Dr. Yuichi Otsuka
Nagoya University, Japan
Airglow and GPS observations of ionospheric disturbances: Activity of Nagoya University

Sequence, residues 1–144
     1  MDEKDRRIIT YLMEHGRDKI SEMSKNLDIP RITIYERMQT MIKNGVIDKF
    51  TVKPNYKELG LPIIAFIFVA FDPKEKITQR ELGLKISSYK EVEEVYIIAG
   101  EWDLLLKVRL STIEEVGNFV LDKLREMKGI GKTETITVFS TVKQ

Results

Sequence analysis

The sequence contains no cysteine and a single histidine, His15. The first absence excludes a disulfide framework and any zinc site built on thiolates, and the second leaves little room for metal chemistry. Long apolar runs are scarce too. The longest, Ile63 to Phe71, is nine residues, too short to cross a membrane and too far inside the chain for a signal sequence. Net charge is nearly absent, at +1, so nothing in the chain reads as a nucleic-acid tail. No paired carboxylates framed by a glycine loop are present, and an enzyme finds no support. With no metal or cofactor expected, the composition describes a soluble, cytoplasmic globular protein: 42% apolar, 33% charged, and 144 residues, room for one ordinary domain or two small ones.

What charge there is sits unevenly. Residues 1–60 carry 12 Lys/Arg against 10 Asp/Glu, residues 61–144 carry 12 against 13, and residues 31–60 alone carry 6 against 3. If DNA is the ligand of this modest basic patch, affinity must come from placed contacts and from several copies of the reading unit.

Solar-Terrestrial Environment Laboratory, Nagoya University in Japan is operating 12 all-sky airglow imagers in the world in order to investigate the dynamics of the Earth's ionosphere through nocturnal airglow emissions. The airglow imaging observations revealed wavy structures of the ionospheric plasma density at mid-latitudes and we found that the wavy structures are mirrored in both hemispheres connecting the geomagnetic fields. Global Positioning System (GPS) is also used for the ionospheric study. From delay and advance of the GPS radio propagation, total electron content (TEC), that is an integration of the ionospheric plasma density along the ray path of the radio wave, can be measured. Using more than 1,200 GPS receivers in Japan, we observed TEC variations approximately 7 minutes after the 2011 Tohoku Earthquake. The TEC variations reached North America 9 hours after the earthquake.